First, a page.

mbanner.jpg

Mystery and Detection: Course Description

Does literature make detectives of us?  Are all literary works mysteries?

We will begin with these questions as we make our way from Greek tragedy (Oedipus Rex) to 21st-century popular television (Lost), dipping into some canonical texts (Twelfth Night, Jane Eyre) and classic mystery stories (from Sherlock Holmes to Agatha Christie) along the way.  As we journey through a series of works we just can’t put down (or switch off), we will consider how stories keep us “hooked” by carefully controlling our access to knowledge and meaning.  Our reading will take us through several centuries, but we will pause as the detective story emerges in Britain and the US in the nineteenth century so that we can understand the formation of this genre in relation to a longer history of literary mystery and discovery.  As we encounter a range of intriguing plots and narrative twists, we’ll be asking:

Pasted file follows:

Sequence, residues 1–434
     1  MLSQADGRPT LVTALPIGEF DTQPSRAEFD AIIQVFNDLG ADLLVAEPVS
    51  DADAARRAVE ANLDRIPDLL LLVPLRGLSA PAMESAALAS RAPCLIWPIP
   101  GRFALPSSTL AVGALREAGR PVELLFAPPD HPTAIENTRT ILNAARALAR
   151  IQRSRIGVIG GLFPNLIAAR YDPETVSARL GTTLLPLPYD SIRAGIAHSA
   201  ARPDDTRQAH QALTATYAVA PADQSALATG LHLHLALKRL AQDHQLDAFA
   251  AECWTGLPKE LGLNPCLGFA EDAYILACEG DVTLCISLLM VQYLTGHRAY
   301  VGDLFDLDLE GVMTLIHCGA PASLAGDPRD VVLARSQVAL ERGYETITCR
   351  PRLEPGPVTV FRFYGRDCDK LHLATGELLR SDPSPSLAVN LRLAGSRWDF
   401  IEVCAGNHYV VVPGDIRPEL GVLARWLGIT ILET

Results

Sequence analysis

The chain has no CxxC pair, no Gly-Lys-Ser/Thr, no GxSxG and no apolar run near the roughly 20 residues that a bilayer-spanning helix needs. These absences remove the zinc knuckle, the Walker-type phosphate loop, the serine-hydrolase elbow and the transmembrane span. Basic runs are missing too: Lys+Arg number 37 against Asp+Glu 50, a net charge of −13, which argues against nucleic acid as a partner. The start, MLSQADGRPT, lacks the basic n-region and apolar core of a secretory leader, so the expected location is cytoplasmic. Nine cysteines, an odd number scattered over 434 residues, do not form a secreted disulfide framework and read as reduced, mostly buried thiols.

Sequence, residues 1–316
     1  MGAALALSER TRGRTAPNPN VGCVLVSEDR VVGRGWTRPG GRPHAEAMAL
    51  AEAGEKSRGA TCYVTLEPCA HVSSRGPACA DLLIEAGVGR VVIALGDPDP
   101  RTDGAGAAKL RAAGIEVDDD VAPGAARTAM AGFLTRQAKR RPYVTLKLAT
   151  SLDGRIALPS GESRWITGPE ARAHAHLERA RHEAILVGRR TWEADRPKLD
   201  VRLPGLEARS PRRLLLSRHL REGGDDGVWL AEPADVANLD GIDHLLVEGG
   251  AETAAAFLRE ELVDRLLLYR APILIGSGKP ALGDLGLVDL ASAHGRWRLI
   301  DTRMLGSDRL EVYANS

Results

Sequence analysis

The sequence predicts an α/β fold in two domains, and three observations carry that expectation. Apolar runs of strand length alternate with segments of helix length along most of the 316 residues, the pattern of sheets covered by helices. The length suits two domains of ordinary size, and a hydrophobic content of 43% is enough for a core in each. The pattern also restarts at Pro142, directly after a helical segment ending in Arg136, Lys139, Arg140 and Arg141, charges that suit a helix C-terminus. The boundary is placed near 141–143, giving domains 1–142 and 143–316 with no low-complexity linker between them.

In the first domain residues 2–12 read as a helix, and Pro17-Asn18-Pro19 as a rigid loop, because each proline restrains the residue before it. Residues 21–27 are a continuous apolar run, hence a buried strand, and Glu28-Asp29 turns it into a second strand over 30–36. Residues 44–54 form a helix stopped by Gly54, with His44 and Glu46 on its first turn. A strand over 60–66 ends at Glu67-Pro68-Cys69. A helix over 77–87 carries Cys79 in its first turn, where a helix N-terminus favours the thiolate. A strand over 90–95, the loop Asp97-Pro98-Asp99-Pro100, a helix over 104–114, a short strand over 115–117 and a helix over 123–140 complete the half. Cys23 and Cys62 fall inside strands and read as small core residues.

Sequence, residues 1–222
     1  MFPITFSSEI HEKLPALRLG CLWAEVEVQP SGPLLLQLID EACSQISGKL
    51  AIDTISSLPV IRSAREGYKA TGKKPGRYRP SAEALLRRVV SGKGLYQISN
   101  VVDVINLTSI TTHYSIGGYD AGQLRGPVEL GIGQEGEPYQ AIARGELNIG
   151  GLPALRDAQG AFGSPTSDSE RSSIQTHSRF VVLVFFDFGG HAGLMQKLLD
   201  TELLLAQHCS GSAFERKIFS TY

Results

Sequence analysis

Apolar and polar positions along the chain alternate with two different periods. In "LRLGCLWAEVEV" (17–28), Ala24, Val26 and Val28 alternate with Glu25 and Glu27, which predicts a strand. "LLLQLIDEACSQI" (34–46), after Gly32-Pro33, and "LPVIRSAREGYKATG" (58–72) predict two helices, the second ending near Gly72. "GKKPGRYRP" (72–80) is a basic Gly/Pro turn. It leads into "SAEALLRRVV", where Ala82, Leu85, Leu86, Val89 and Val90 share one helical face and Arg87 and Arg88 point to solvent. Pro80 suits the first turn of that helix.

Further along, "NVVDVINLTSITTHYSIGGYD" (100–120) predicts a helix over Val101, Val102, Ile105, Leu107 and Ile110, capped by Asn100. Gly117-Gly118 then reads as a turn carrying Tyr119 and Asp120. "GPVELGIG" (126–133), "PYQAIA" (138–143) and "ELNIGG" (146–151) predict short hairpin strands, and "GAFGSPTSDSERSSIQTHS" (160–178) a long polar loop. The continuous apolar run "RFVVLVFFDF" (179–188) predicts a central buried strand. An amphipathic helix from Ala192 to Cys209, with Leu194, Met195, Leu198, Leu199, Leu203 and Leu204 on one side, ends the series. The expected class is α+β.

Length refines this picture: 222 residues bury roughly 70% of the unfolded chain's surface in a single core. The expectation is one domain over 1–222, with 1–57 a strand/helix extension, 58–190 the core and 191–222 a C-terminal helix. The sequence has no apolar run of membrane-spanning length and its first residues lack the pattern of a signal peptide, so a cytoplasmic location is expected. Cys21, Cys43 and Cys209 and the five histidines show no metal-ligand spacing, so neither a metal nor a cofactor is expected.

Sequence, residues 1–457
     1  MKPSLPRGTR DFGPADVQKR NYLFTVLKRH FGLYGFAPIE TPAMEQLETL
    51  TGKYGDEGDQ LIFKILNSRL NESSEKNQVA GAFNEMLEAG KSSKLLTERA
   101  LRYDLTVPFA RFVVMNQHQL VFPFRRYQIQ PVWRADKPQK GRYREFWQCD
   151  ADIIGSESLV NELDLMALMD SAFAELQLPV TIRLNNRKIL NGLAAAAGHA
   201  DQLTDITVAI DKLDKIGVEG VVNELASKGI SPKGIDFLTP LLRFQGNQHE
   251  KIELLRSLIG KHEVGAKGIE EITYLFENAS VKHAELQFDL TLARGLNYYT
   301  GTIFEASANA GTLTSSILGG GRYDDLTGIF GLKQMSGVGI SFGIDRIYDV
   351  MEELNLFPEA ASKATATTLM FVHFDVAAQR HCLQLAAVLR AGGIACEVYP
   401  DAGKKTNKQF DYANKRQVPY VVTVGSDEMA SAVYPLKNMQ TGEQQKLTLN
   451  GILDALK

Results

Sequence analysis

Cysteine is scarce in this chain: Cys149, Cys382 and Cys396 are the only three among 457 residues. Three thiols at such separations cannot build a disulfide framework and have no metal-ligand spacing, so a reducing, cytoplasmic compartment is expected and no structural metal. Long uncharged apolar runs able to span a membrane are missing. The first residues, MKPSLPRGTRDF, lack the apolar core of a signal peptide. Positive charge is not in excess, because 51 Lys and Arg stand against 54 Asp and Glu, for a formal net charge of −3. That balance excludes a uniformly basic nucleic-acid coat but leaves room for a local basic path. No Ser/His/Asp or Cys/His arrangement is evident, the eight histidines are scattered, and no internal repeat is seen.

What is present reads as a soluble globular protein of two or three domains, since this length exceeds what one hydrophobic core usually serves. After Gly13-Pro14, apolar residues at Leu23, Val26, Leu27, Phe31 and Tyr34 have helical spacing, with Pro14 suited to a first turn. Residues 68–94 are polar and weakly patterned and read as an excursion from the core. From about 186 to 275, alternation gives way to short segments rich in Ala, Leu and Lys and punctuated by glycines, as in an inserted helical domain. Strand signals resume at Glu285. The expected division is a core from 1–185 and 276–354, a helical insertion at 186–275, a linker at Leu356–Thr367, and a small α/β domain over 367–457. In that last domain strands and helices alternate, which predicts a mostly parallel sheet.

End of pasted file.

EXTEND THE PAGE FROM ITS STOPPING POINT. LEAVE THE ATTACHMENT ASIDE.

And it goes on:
What is so appealing about narratives that hide knowledge from us?  

We will explore the role of mystery in narrative and investigate the common narrative threads that run through plays, stories, novels, and movies produced centuries and continents apart.

What kind of knowledge do they hide? 

We will find mistaken identity, criminal behavior, mystery, murder, and intrigue throughout this class, but we will also think about how different time periods and literary forms reimagine what is hidden and dangerous in society.  One of our primary tasks will be to understand how mystery narratives try to pin down what are often very slippery identities.

 What do we discover?  How do we discover it?

Do we approach a Shakespeare play and a movie differently?  Throughout this class we will pay close attention to how we read – the perspectives we bring to these texts and how we find meaning in them. 

Syllabus (PDF) >

< Back to Teaching Experience